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-   -   Which dual opamps should I try for I/V conversion? (http://www.diyaudio.com/forums/digital-source/87754-dual-opamps-should-i-try-i-v-conversion.html)

homemade 5th October 2006 08:30 PM

Which dual opamps should I try for I/V conversion?
 
Just picked up an older Denon DCD-2560 cd player , which uses 4(2 per ch) current output AD1862 dac's. Since there is not very much info and/or experience on this forum with passive I/V components(resistor values and such) with regard to these dacs, I would like to start with the op-amps. I have had extremely good experience with the dual OPA2107 as a buffer , but I'm unsure if it is up to the challange for I/V , as it has a relatively low slew rate, if that is any indication of usefullness here. Any suggestions are , as always , much appreciated.

Leolabs 6th October 2006 01:46 AM

Any FET input audio opamp will do.

jameshin 6th October 2006 08:33 AM

OPA2107 is a bad I/V converter, Gain Bandwidth is too low. OPA2604 is much better.

I/V conversion OPA2604 > OPA627 x 2 > OPA2107

Analog stage OPA627 x 2 >OPA2107> OPA2604

philpoole 6th October 2006 09:30 AM

Hi,

I'm using OPA2107 as an IV converter for my TDA1541A NOS DAC, and I think it sounds great (although I admit I haven't tried much else).
Why is slew rate more important for IV conversion than for buffering? I would have thought the criteria would be similar for both situations.
Have you heard the difference?

Cheers,
Phil

clem_o 6th October 2006 09:49 AM

I-V conversion would require a high slew rate for accuracy - the DAC puts out step current change for each new word it receives; a low slew op amp would take some time to convert this, causing HF innaccuracies. Aside from slew rate, one should (I think) also be looking at settling time, noise, and current drive capability of the op-amp, given that the FB resistor used to set the I to V relationship tends to be pretty low value.

After LPF, the signals are into the audio band, thus a buffer need not be exceptionally fast. Low distortion is needed here though...

Cheers

georgehifi 6th October 2006 10:15 AM

Quote:

Originally posted by clem_o
I-V conversion would require a high slew rate for accuracy - the DAC puts out step current change for each new word it receives; a low slew op amp would take some time to convert this, causing HF innaccuracies. Aside from slew rate, one should (I think) also be looking at settling time, noise, and current drive capability of the op-amp, given that the FB resistor used to set the I to V relationship tends to be pretty low value.

After LPF, the signals are into the audio band, thus a buffer need not be exceptionally fast. Low distortion is needed here though...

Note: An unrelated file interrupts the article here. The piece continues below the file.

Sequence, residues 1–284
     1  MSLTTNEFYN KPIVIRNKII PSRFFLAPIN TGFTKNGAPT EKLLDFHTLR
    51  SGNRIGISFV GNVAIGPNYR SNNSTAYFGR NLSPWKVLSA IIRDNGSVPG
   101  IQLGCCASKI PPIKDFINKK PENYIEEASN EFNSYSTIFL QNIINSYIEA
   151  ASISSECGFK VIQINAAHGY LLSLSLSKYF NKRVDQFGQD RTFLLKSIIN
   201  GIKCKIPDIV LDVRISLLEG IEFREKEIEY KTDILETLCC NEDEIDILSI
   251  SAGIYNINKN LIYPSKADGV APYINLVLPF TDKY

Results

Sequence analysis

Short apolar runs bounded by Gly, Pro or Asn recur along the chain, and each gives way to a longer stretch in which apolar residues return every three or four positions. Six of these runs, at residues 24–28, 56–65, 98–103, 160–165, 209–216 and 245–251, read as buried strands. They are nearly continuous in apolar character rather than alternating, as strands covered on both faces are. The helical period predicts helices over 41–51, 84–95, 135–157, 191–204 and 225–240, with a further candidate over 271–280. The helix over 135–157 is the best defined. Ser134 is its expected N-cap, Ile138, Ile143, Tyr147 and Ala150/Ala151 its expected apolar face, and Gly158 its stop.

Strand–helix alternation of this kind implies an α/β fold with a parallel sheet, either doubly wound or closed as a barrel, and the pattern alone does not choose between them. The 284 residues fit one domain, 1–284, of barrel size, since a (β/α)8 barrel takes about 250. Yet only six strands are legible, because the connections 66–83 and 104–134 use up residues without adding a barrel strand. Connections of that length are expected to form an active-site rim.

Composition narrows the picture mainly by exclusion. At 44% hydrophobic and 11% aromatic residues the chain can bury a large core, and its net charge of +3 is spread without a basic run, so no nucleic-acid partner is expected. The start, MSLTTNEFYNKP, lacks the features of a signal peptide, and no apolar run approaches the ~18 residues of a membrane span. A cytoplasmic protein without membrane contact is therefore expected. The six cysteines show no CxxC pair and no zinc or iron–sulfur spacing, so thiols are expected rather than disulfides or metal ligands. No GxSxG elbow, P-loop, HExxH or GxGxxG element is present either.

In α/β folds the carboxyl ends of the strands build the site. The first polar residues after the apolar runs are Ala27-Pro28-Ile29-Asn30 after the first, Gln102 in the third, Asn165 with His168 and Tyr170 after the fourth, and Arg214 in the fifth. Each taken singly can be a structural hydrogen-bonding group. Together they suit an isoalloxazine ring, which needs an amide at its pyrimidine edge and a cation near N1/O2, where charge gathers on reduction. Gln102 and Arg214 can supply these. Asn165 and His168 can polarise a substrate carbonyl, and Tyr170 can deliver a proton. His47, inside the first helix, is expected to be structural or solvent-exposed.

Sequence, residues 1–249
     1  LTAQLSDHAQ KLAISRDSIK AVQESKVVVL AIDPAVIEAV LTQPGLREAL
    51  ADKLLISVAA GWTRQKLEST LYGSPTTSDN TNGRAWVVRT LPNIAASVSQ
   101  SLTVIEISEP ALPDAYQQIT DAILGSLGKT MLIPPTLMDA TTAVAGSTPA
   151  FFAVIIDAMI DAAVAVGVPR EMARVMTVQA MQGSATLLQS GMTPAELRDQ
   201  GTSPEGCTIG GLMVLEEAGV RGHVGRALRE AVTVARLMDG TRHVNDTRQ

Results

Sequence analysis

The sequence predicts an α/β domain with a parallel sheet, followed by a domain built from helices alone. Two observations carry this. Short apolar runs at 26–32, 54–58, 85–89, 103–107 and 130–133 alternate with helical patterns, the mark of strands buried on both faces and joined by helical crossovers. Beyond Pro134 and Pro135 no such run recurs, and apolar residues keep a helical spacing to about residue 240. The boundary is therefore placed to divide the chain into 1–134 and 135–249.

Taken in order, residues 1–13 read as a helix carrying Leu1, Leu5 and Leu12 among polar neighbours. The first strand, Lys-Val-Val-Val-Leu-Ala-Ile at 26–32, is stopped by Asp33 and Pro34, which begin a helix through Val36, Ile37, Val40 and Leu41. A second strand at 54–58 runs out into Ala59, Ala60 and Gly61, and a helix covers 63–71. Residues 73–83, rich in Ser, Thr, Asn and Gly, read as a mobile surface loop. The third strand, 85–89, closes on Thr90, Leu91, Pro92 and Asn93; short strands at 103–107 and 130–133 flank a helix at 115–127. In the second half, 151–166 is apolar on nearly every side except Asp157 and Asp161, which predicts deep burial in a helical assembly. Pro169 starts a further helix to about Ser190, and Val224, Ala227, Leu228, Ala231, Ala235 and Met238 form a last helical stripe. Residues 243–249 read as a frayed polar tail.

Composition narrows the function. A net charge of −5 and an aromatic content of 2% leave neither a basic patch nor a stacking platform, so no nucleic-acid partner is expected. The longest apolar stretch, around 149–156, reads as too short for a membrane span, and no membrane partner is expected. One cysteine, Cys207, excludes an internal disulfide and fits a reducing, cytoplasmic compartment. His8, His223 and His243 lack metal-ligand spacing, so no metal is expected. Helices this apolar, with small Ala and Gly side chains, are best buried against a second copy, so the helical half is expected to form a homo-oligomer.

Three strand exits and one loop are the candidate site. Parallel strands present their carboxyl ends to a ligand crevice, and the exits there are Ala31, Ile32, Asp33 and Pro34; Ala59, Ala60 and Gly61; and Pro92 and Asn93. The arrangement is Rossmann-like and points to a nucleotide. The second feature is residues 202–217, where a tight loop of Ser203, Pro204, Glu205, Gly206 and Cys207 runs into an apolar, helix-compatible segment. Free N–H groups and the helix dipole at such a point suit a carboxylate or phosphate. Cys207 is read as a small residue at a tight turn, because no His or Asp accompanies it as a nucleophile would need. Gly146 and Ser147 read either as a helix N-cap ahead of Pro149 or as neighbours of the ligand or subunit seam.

Cheers

clem_o, I use an AD825 as the I/V, this is the best I've heard so far in my rig, what do you think of it for the parameters you've recommeded above does it seem a good one or are my ears decieving me?

Cheers George

clem_o 6th October 2006 11:04 AM

Hi georgehifi,

I'm not looking at the parameters of the AD825 at the moment, but I recall it was a pretty fast and good chip - well respected by many in the audio community. I have a very good reason not to bother looking at almost any AD product - it's not available here at decent prices... :-(

One thing I have tried is the THS4032 (texas instruments) - it's actually designed for video frequency I-V. We put this into a Pioneer CD/SACD/DVD-A player and the sound change simply blew our minds...

Cheers!

jameshin 6th October 2006 11:50 AM

Quote:

Originally posted by clem_o
I-V conversion would require a high slew rate for accuracy - the DAC puts out step current change for each new word it receives; a low slew op amp would take some time to convert this, causing HF innaccuracies. Aside from slew rate, one should (I think) also be looking at settling time, noise, and current drive capability of the op-amp, given that the FB resistor used to set the I to V relationship tends to be pretty low value.

After LPF, the signals are into the audio band, thus a buffer need not be exceptionally fast. Low distortion is needed here though...

Cheers

I remember that an article written by Walt Jung said that Gain Bandwidth is the most important sepcification in choosing an I/V opamp. Slew rate is a related element but not as crucial as GBW.

philpoole 6th October 2006 12:52 PM

Interesting.
I will have to investigate this.
I was of the assumption that 4.5MHz GBP would suffice for IV. The OPA2107 has a slew rate of 18V/uS. The samle period (for NOS) is 1/44100 = 22uS. So initially it would seem it could easily handle a pk-pk voltage change within one sample period for NOS at least (unless, which is very likely, I have the wrong end of the stick).
I guess for an oversampling setup, requirements could be different, and generally, I can see how a faster settling time could well be of benefit.

Chris Daly 6th October 2006 03:51 PM

Dual Opamps are a compromise , Singles are much better
but I can't fit them I hear you say - well you can Brown Dog
make an adaptor. My recommendation is the opa627

:angel:


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